BTW, by 1950 (and probably even by 1949) the Kurtis car had been converted to use the external aircraft starter just like Henry Meyer did first in his converted sprint car.
Thanks Indy, that's good info. I had no idea the timeline of remote starters.
I thought I would try this again using a different method for displaying photos. I hope this works if so I am good to go. This is the picture of the Kurtis Kraft Spl. that I posted a few post back.
Ya think Don Smith or Chapman Root might of had some choice words for the track crew?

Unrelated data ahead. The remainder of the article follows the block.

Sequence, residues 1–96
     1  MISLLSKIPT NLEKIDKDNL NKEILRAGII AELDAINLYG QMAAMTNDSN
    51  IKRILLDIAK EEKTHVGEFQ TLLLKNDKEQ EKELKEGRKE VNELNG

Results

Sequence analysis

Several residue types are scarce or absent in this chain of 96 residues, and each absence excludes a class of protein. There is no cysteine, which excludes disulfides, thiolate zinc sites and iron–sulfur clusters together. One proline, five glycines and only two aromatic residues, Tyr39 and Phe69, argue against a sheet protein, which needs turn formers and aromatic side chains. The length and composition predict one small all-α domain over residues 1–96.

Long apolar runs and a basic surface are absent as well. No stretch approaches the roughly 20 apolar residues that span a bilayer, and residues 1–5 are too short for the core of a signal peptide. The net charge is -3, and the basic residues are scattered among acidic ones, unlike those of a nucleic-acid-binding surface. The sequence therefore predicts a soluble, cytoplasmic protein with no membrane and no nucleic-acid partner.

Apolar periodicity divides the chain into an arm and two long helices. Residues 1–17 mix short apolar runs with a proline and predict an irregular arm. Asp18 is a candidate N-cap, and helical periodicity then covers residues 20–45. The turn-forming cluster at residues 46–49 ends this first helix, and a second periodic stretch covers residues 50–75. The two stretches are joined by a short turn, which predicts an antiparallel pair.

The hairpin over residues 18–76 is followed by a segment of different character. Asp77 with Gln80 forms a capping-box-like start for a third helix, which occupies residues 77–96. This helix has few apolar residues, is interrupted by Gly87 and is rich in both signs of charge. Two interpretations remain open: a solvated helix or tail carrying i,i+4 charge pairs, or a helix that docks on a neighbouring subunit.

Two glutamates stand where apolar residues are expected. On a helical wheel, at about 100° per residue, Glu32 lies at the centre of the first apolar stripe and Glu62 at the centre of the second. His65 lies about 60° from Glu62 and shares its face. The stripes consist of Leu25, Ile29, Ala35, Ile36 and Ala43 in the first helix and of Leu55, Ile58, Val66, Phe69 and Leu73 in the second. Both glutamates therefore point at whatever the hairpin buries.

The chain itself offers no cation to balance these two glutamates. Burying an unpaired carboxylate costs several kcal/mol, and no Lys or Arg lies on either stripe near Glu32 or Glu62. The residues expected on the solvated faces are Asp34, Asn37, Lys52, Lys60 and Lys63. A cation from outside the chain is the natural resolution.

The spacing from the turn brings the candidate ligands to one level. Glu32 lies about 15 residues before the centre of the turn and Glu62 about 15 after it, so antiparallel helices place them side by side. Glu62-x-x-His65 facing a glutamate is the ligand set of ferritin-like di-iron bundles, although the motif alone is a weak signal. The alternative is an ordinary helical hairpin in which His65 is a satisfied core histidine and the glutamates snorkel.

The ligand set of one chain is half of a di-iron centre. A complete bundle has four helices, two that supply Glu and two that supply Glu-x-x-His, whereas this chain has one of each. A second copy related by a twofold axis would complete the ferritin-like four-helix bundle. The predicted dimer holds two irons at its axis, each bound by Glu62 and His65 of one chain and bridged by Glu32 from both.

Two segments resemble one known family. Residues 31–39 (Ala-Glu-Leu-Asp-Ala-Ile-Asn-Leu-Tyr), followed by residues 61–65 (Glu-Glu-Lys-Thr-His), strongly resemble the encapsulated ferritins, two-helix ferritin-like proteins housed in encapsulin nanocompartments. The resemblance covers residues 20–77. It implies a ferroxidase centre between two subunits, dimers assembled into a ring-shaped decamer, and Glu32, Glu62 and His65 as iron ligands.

The reason Frank and Arlen were so partial to the 1950 Wynns / Parsons #1 KK1000 car was because it was Franks own design with independent front suspension and it was a special car built in 1948 for the Indy 500 (Kurtis Kraft Spl #7. Frank was building the KK2000 during this time due to the owners wanting cars that would work on dirt as well as the 500. Funny thing is when Meyer / Drake ordered a stretched midget, I was told that Frank was not impressed with the car but built what they wanted. Frank would build whatever the owners wanted you will find KK2000s, 3000s and 4000s with both axles / leaf springs or parallel bars and some with independent suspensions he also made a few front wheel drive cars. The frames were also different as some of the owners wanted them beefed up and some wanted 4 bar. This was also the same for the rear of the cars. Most of these cars used parallel torsion bars during this time but some were still ordered with cross leaf springs and solid axles. Most of his cars were different in some way and no two were the same. This was the growing process and as the dirt tracks went away so did the old cars and the KK500 became the norm.<O</O